Trip Report -Goulburn River National Park, August 6-7 2011.

Participants: Bruce (leader), Catherine, Anne, Peggy, ….

After collecting the walkers in Sydney (and myself on the Central Coast), we then headed to Maitland for an overnight stay at Catherine’s parents’home, where we bedded down for the night in the loungeroom. In the process I discovered that I hadn’t packed my sleeping bag in my pack! Fortunately Catherine’s mother came up with an alternative, albeit more heavier than my down bag, but it worked well.
Next morning, after breakfast and inspecting the resident chooks, we then set off along the New England and Golden Highways for an uneventful drive to Merriwa, where a stop was made for coffee and a few “extras”for the walk, such as chocolate.
Then it was along the Golden Highway for another 8km then into Ringwood Road for the drive to Lee’s Pinch Lookout in Goulburn River NP. We arrived at Lee’s Pinch Lookout parking area and parked the 2 cars. We then set off SW along the road until reaching a small bypass loop (at approx point 215220 on Mt Misery Topo). Then it was a matter of just heading off into the bush.
Goulburn River does have some easy entry points, but most are effectively blocked by private property. So generally entry invariably needs a bush-bash, as in this case.
The walk plan for the two days was straightforward: enter the river gorge via a gully, walk along the river, where the going would be easy, although with a few river crossings, and exit back to Lee’s Pinch by another gully to the north, either the one explored on a SUBW trip by myself and Anthony Dunk in 2001, or another unexplored one a but closer to our entry point.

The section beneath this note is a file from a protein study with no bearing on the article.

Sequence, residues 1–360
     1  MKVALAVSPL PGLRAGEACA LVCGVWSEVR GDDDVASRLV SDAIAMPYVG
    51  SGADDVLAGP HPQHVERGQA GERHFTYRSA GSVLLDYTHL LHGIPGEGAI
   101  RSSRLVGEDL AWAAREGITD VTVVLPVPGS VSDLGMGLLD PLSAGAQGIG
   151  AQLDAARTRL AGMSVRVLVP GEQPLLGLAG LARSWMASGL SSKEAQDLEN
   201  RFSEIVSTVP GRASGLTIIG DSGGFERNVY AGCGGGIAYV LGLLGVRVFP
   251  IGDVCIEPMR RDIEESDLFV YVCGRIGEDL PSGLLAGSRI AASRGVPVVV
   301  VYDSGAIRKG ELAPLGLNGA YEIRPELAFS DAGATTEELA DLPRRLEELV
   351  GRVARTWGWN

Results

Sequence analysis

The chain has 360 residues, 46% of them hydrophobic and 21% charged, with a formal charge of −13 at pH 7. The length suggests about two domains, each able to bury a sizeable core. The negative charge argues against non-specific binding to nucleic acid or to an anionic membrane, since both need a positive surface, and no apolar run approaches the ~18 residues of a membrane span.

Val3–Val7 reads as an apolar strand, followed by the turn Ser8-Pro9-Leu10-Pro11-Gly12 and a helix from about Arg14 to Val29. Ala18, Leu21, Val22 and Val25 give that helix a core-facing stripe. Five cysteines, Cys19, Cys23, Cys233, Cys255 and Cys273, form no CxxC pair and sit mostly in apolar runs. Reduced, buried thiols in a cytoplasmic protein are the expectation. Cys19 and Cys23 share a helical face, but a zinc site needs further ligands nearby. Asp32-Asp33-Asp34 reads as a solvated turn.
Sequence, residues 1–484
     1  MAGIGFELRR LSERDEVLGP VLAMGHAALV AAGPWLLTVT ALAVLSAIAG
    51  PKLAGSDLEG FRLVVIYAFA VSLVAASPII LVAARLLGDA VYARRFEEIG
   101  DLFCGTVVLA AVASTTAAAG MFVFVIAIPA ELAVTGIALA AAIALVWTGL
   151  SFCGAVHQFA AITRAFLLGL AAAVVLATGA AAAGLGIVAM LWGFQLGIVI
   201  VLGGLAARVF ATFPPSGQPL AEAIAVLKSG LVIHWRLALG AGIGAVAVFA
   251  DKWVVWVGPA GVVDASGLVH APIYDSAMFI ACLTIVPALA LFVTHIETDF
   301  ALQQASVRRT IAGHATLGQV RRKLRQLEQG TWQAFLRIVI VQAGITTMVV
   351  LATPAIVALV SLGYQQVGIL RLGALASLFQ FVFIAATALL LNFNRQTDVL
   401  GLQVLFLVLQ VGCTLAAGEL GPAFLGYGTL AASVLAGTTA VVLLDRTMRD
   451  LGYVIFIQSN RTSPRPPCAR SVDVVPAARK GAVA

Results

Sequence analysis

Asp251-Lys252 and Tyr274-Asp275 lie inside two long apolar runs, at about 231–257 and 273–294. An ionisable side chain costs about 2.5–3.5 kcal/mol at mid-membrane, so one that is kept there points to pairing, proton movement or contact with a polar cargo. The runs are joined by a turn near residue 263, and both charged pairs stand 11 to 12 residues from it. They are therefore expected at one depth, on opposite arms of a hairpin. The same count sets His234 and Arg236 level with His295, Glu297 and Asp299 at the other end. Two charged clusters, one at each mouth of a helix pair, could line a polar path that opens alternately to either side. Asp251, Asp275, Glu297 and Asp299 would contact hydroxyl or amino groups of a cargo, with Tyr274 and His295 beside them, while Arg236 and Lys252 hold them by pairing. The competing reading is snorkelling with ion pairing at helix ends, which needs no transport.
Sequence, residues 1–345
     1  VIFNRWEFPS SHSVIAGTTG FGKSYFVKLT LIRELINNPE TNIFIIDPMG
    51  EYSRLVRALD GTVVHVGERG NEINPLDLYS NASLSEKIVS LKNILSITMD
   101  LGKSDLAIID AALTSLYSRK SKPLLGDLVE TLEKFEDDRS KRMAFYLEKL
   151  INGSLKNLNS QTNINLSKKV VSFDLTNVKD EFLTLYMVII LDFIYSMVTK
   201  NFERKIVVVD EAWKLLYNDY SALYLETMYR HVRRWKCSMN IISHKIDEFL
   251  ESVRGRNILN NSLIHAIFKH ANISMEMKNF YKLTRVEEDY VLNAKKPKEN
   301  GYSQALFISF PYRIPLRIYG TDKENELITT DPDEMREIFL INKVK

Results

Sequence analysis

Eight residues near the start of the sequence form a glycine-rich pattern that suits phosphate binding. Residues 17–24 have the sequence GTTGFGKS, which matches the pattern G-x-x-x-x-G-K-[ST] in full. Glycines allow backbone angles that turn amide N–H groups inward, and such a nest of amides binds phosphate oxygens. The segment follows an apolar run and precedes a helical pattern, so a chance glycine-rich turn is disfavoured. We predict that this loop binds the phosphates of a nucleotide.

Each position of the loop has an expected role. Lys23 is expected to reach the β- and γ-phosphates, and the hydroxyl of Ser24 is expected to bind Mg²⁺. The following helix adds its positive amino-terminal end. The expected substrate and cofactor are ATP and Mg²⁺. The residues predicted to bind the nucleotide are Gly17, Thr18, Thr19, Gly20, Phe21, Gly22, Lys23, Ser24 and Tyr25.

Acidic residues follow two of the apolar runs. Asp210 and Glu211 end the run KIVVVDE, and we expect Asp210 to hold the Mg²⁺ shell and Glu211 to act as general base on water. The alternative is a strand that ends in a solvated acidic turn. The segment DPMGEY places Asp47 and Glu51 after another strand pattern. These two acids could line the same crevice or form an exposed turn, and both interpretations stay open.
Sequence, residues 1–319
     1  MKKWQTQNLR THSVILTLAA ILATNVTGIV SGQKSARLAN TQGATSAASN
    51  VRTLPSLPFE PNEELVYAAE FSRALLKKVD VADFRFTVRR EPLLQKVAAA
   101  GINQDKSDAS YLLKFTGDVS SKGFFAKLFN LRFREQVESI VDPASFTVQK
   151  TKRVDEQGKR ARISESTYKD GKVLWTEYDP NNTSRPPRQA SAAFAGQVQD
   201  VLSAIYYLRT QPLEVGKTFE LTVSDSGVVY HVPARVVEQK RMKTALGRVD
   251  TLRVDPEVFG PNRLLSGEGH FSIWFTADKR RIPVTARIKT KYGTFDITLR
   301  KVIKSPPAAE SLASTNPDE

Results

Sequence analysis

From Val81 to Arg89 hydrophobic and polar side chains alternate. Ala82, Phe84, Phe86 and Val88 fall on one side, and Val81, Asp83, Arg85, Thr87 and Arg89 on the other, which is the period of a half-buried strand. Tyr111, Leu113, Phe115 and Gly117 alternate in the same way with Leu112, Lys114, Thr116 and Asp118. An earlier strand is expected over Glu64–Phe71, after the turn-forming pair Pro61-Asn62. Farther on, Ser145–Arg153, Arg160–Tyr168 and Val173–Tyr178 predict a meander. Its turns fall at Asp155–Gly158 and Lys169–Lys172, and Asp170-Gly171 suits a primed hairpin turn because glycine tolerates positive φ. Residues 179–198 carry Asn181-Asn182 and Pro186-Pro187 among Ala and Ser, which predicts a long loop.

I had also planned for enough time to allow a return via daylight following the Sandy Hollow Line via the very scenic Bylong Valley and the Upper Hunter Valley (including the northernmost part of Wollemi NP).

The way in involved following a dry watercourse/gully to access the riverbank. At the start Ben took out his brand new GPS and established his first “waypoint”. I requested a latitude/longitude fix – helpful in the thick brush when it is difficult to find landmarks. The route involved passing through scrub of varying thickness although at one point we passed through a mass of Boronia bushes with their profuse purple flowers and pleasant scent.
As we continued along the gradually sloping (and narrowing) gully route, it became progressively more cluttered with fallen logs and branches and thickets of scrub. This made the walk rather tortuous (in more ways than one) as we went up and down and zig-zagged across, around, and under obstacles. It was slow going, but eventually I noted the presence of Riverine vegetation in the gully and knew the river was not far off. I also noted that we appeared to be following animal paths which invariably lead to the river.
The first of Peggy’s photo’s (attached) paint the picture. At that point we came to a 10 metre drop in the gully, and after some brief scouting a bypass was found. At this point also, Ben declared that his GPS was telling him that the river was 3km from the start point, and it showed that we had now travelled 3km but the river was nowhere to be seen. Were we lost? I explained to him that it was 3km in a straight line but we had definitely not been walking in a straight line – hence the discrepancy.